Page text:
• Starting construction on a new 28-mile, 138-kV transmission line in the Sandusky and Fremont areas. Twelve miles are in Ohio Edison territory and 16 miles are located in the Toledo Edison footprint. For 2017, Ohio Edison expects to spend about $9 million on this project, which is scheduled to be energized in May of 2018.
  • Completing a 12 mile, 69-kV transmission line project that will enhance service reliability to about 7,500 customers in Huron County. The work includes the installation of nine miles of new circuit and three miles of existing circuit being rebuilt between substations in Norwalk and North Fairfield. The overall cost of the project is more than $18 million, with $9.3 million expected to be spent in 2017. The line is scheduled to be operational by the end of May.
  • Rebuilding a 138-kV transmission line from a substation in Twinsburg to one in Hudson that provides electricity to the city's municipal electric system. The cost of the project is about $6.6 million.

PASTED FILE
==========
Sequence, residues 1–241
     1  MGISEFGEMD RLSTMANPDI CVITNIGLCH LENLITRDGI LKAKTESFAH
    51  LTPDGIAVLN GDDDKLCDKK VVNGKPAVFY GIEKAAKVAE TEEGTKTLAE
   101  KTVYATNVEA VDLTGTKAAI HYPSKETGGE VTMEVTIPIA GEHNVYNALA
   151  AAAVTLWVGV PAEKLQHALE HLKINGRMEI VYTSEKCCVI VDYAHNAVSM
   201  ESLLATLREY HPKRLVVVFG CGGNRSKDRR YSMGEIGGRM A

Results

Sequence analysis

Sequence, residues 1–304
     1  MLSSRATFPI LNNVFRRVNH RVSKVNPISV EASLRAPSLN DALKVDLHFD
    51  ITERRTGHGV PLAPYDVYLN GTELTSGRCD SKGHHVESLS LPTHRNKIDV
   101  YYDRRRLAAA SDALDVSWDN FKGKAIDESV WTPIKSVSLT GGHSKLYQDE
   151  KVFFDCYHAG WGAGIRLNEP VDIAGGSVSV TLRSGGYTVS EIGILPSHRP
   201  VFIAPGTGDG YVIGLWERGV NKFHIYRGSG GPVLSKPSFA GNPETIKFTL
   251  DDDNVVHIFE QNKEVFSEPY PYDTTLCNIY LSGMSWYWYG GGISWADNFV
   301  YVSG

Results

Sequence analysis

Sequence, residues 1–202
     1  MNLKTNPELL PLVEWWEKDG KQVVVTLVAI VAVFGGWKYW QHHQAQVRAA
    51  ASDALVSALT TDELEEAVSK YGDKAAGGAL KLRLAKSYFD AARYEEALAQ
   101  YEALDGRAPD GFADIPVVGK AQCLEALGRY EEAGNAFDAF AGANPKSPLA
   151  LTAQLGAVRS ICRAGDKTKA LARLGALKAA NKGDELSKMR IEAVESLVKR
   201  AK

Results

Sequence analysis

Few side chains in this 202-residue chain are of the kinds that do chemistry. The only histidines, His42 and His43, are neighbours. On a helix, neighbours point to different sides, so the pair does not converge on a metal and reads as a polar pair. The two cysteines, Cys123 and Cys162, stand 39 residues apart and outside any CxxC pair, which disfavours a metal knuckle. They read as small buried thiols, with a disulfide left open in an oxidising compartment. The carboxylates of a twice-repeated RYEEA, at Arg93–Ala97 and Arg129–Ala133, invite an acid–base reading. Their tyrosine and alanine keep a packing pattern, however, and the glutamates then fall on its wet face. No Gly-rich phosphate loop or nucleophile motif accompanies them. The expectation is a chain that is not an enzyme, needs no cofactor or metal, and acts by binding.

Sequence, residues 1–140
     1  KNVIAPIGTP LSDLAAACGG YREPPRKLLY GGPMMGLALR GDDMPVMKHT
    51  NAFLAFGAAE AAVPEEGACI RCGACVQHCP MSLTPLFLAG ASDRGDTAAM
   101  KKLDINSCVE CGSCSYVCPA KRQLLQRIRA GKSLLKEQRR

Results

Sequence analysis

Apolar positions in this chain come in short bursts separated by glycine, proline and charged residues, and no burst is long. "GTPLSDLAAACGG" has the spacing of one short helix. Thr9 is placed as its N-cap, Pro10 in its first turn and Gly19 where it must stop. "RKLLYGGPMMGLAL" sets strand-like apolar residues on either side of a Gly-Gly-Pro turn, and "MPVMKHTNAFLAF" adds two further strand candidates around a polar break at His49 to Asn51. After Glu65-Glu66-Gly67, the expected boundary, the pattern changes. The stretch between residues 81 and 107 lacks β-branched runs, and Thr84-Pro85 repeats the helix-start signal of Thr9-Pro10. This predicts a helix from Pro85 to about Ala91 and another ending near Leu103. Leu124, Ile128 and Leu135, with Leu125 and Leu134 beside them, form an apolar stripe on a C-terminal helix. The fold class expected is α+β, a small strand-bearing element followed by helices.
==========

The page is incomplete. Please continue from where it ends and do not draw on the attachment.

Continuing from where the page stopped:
• Investing more than $4 million inspecting and replacing distribution poles in Ohio Edison's service area. This inspection process is conducted on a 10-year cycle. More than 56,000 utility poles are scheduled to be inspected in 2017.
  • Rebuilding a 69-kV transmission line in the Ashland area at a cost of $3.3 million.
  • Replacing a transformer and other equipment at a substation in Marion at a cost of $1.8 million to enhance redundancy and reliability.
  • Building a new modular substation in West Jefferson in Madison County at a projected cost of $1.3 million.
  • Using a barge to replace a 12.5-kV underwater cable running from Middle Bass Island to North Bass Island at a cost of $1.4 million.
  • Installing remote-control equipment and completing other enhancements on more than 270 circuit locations throughout the Ohio Edison area at an estimated cost of $1.3 million.

More than $227 million of the budgeted total will be spent on transmission-related projects owned by American Transmission Systems, Incorporated, a FirstEnergy transmission company.